„It’s dangerous when a political party has no mercy. It will kill, doesn’t matter. A human life is unique and should be protected. And everyone should grant that protection to others, should treat them well. And even when the others do something bad, I am not here to first cast a stone at them.”
„It happened at that time – that was around 1968, maybe earlier, I’d have to look it up – in short, they called me in to collaborate with the State Police. They called me, because I was supposed to go to a tournament somewhere and they lured in all the sportsmen going abroad. So, they called me to Hybernská street, and I told them I couldn’t do it, that I didn’t know what they would ask of me and that I simply wouldn’t do it. Then they called me in again and I thought that I would never ever travel abroad again, but despite that I said: ‘I cannot be a collaborator, I could never sleep. And what would you want from me anyway?’ And he told me: ‘You are friends with Dr. Skála, you go there in the evenings and spend a lot of time there. He goes to theatres and takes you with him everywhere.’ And I said: ‘And I should inform on these people what they discuss when they host me and when we play cards or chess?’ They said: ‘We need that, we need that.’ But I said no, that I would not do it.”
„Then the war was over. I remember it was a Saturday, we were still working on Saturdays. I was going from work, got out of a tram and there around the church below the main train station were German soldiers, lying with guns. So, I wondered what was going on and suddenly a man grabbed me, took me into a house and asked where I had been going. I said: ‘I’m going to the train station, to go home.’ And he said that I wouldn’t be going anywhere, because there was fighting at the station and the Germans would shoot me. So, I survived the worst day when the Germans had still been defending themselves with gunfire. The man took me into some basement, where there had been many people already. And then the trains didn’t operate and in about five days it cleared out and I walked the twenty-five kilometers all the way home to Kolovraty.”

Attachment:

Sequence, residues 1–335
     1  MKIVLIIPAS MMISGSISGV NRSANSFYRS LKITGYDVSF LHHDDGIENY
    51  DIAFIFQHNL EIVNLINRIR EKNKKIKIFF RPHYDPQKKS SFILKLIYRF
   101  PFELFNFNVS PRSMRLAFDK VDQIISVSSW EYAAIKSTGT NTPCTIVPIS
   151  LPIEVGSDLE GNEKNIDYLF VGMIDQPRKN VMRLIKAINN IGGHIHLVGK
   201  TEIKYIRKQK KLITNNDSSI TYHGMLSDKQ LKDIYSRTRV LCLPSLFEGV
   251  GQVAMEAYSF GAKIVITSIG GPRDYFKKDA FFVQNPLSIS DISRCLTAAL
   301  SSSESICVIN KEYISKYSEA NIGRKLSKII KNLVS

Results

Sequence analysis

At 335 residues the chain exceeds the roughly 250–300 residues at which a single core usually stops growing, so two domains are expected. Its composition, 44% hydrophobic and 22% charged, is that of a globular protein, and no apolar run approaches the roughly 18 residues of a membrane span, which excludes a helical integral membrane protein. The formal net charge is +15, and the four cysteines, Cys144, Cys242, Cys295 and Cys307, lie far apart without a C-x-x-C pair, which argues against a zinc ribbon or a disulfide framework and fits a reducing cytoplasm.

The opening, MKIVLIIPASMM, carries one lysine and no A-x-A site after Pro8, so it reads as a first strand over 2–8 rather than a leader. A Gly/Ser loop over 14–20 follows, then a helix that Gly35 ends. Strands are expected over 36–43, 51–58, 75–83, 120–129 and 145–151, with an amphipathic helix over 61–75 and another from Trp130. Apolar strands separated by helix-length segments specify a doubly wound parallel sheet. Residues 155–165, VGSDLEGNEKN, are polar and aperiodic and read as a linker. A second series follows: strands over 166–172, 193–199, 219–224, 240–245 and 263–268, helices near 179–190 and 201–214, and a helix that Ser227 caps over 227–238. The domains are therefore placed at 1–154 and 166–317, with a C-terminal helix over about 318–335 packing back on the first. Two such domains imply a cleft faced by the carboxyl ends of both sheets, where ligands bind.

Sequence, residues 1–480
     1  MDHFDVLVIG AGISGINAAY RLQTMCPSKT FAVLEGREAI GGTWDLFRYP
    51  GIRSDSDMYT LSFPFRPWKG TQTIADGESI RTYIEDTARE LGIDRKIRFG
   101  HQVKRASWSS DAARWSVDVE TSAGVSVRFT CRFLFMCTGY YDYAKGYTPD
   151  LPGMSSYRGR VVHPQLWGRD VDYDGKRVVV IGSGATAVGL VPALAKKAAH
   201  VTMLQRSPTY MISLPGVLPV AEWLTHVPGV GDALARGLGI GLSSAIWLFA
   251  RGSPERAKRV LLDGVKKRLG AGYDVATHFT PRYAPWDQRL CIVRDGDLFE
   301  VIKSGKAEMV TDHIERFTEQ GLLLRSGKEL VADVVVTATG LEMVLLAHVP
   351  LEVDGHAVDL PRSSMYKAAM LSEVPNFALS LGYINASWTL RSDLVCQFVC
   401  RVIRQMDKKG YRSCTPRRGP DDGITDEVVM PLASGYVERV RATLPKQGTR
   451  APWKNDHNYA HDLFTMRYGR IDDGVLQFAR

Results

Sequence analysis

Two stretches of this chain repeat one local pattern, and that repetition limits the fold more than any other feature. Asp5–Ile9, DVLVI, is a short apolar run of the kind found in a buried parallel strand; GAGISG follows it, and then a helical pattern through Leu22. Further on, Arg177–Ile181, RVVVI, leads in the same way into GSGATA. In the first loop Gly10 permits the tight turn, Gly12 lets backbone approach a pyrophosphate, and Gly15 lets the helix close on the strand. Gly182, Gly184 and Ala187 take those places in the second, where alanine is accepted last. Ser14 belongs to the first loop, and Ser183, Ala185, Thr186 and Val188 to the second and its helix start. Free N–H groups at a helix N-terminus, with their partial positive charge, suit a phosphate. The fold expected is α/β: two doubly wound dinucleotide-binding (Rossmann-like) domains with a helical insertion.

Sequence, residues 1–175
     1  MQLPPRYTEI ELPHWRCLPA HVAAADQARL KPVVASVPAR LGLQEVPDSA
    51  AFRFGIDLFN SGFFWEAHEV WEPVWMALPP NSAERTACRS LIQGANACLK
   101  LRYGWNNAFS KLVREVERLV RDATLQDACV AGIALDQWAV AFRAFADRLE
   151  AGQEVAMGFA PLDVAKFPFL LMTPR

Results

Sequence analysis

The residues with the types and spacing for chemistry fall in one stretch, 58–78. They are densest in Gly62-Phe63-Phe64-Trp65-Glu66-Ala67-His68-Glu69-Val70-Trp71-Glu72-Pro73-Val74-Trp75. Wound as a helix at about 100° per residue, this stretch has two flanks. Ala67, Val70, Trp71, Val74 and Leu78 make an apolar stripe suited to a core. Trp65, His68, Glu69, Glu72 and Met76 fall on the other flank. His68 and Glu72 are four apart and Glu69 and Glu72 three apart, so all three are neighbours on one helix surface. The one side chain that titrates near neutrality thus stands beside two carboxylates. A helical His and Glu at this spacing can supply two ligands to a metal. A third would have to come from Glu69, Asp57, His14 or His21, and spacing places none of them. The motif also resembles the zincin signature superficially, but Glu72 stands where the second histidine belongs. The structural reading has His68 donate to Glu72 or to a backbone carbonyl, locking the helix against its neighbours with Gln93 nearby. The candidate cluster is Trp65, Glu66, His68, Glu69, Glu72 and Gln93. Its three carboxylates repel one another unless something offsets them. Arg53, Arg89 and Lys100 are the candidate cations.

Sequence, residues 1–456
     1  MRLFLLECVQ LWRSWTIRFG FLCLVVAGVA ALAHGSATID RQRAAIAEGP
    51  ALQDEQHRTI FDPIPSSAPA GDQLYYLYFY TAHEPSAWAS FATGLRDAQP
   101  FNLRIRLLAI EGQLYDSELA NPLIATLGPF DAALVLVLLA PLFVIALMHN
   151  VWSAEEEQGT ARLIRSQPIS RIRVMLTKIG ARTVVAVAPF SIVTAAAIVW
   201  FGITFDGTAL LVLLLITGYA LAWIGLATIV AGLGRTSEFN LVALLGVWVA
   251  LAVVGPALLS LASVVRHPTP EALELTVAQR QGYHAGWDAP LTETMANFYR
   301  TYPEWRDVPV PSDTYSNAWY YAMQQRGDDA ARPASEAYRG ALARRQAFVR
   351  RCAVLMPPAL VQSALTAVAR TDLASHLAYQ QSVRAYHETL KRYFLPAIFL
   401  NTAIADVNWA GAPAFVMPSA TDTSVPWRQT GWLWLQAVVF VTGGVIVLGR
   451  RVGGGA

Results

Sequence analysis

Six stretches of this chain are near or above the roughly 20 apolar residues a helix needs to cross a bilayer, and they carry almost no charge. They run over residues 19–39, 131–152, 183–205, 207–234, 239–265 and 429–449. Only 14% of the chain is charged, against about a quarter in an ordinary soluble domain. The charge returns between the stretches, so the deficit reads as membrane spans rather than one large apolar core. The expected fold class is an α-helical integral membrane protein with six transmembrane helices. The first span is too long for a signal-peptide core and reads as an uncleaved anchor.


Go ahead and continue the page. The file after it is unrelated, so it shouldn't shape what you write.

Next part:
Květoslava Eretová, née Jeništová, was born October 21, 1926 in Prague. She was thirteen when the World War II had started. After the war she found herself a place to live and a job as a technical drawer. Later, she was employed as a planner at the Ministry of Industry, where she joined the chess club ‘Kovostroj’ as part of the so-called socialist commitment. She became a Czech chess champion for the first time in 1955 and had won a record 23 medals from the national championships during her active career – ten gold, ten silver and three bronze medals. She represented Czechoslovakia from the mid-1950s on numerous international tournaments and won several medals from the Chess Olympiads, attended a number of simul and interzonal chess tournaments – her greatest achievements are the tenth place from the Candidates Tournaments for the World Chess Championship 1959 in Plovdiv and 1964 in Sukhumi. In 1957 she earned the International Master title and in 1986 the Grandmaster title. In the 2005 survey on the best chess player of the century she finished second after the chess legend Věra Menčíková (the first Czech women’s world chess champion).